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What Causes Acne?

BY: KELLY MACDOWELL | 6.14.2016 |

what causes acne

Having oily or unwashed skin is what causes acne, right? This seems like a universal beauty truth. It’s definitely the culprit in a lot of cases, but it’s also a gross oversimplification in many others.

While some are dermatologically predisposed to pimples, including those with oilier skin or a slower cell turnover, the fact is many breakouts result from internal factors—especially hormones.

Some skin and health pros speculate that the location of a pimple can help give an indication of what unholy evil spawned it. Enter the acne face map, which shows how different areas of the face correspond to different organs and systems throughout the body.

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Acne face map key

1. Acne on the forehead is linked to the bladder and small intestines. Triggers: hair products, hats, fatty and processed foods, alcohol, sugar, lack of sleep.

2. Mid-brow pimples are linked to liver and digestion issues. Triggers: lack of sleep, possible food allergies or sensitivities.

3. A breakout on the temples can be linked to the kidneys. Triggers: alcohol, tobacco, poor lymphatic circulation, saturated fat consumption.

4. Nose acne is linked to the digestive and circulatory systems. Triggers: constipation, bloating, indigestion, gas, poor circulation, high blood pressure.

5. Blemishes plaguing the upper cheeks are linked to the lungs. Triggers: smoking, asthma, pollution, lack of movement or fresh air, spicy and fatty foods.

6. Those on the right and left cheeks are linked to the lungs and kidneys. Triggers: smoking, poor digestion, stomach issues, food allergies, sugar, poor diet, stress.

7. A bout of jawline acne is linked to the large intestines and hormones. Triggers: ovulation or hormonal shifts, the body fighting off bacteria, stress.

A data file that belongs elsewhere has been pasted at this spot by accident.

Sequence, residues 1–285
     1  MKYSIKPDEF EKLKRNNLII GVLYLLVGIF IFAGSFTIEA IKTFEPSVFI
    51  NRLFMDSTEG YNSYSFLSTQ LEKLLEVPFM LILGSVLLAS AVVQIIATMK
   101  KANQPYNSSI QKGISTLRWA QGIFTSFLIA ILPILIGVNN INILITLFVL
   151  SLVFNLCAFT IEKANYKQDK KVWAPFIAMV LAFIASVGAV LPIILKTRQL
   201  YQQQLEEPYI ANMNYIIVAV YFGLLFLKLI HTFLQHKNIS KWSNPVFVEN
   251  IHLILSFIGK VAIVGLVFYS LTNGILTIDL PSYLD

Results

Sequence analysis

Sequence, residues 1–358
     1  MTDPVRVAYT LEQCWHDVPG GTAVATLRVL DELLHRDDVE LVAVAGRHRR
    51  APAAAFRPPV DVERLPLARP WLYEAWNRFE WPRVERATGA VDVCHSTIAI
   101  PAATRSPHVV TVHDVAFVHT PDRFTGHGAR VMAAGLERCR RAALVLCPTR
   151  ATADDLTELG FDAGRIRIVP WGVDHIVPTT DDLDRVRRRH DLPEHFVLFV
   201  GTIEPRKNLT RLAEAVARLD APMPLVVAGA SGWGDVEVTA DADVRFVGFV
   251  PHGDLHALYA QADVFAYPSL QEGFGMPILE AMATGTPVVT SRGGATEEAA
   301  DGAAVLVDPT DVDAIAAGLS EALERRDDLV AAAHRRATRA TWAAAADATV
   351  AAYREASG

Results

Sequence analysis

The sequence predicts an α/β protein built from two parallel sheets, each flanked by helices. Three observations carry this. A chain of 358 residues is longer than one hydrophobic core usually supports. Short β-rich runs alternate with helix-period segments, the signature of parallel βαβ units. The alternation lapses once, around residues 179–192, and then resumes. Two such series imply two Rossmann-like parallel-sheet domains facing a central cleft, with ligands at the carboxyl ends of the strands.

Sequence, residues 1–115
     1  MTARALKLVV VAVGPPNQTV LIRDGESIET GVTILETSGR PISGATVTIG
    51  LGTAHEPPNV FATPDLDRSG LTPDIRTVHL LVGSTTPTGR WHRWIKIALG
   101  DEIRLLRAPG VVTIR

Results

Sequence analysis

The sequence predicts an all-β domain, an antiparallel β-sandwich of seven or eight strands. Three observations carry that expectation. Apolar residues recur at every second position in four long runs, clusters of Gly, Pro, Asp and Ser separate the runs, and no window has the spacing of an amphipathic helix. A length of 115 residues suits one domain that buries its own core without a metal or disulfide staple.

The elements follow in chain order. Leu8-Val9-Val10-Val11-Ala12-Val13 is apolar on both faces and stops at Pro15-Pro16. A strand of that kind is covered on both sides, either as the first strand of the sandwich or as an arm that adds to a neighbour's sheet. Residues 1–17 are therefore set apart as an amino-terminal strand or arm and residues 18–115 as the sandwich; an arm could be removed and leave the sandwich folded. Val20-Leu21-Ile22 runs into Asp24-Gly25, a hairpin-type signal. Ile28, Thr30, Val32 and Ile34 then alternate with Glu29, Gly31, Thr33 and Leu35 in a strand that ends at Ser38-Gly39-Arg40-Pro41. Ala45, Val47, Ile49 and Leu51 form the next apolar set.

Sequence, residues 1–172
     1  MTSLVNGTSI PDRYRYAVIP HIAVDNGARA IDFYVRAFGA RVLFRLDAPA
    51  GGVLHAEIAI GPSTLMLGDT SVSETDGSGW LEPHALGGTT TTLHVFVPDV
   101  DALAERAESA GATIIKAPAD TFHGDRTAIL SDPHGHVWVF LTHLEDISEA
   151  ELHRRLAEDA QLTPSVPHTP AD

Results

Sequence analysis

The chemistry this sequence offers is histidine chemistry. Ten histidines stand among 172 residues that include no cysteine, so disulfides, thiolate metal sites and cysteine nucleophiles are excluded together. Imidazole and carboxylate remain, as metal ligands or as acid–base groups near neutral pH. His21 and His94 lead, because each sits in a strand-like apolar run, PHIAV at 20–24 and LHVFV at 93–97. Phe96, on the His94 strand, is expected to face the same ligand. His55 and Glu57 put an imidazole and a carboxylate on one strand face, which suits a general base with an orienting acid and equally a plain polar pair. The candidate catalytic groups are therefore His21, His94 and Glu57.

8. Chin acne can be linked to the kidneys, stomach, genitals, and endocrine system. Triggers: diet rich in fat, sugar, caffeine, or alcohol, staying up late or lack of sleep, menstruation, pregnancy, stress.

“It all boils down to hormones.”

That’s how Amy Halman, aesthetician and president of Acure Organics, answers the question of what causes acne.

“Not just the biological shift that happens during a monthly menstrual cycle or pre- or post-menopause, but also the hormonal responses in the body that relate to cortisol production, which tend to be related to any kind of stress put on the body,” she said. “Lack of sleep, poor diet, mental or emotional stress. These are all situations that cause a higher percentage of androgen in the system, which leads to increased oil production.”

... and not just human hormones.

Melanie Betz, a dietitian at Chicago’s Rush University Medical Center, seconded Amy’s take on hormones. From a nutritional standpoint, downing too much dairy can potentially impact your body’s hormonal composition.

“Even if a cow wasn’t treated with hormones and antibiotics and all that business, milk from a cow is going to have cow hormones in it,” Melanie said. “And those hormones could potentially be precursors to exacerbating acne.”

Sugar isn’t exactly your friend, either.

A food’s glycemic index—which measures how much insulin your body produces after you eat that food—is something to watch out for as well.

“If you’re eating a lot of sugar and simple carbs all the time, your body is going to produce insulin all the time, and insulin is a precursor to a whole bunch of hormones that are known to be linked to acne,” said Melanie.

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So how do you prevent pimples?

“It’s not as simple as, ‘Oh, you have acne, you should stop eating carbs or cut back on sugar,’” Melanie noted. But it may be worth experimenting with your food intake. She recommends trying a low-sugar, “normal-carb diet” for two weeks, one that focuses on non-starchy vegetables, whole grains, and proteins.

Then go back on your normal diet for two weeks. If your acne ebbs and flows with your carb and sugar intake, that’s probably not a coincidence.

Of course, great skincare helps, too.

But just as oily skin is not the only thing that causes breakouts, cleansing skin is not always enough to combat breakouts. (Not that we are giving you a pass on washing your face at night. ALWAYS WASH YOUR FACE AT NIGHT.)

Use the acne face map as a detective tool, not a set-in-stone decree.

“If anything, [acne mapping] simply gives you a bit more awareness as to what issue may be causing stress internally,” Amy said. “It’s super helpful to know when your breakout is just related to your period or if you have a digestive issue that could be [inflaming] the system. Initially, that kind of internal issue could simply be a pimple or two, but long-term inflammation can result in much bigger health issues down the road. Your skin is your best ally for overall health.”

Guide Staff Writer
BY: Kelly MacDowell Guide Staff Writer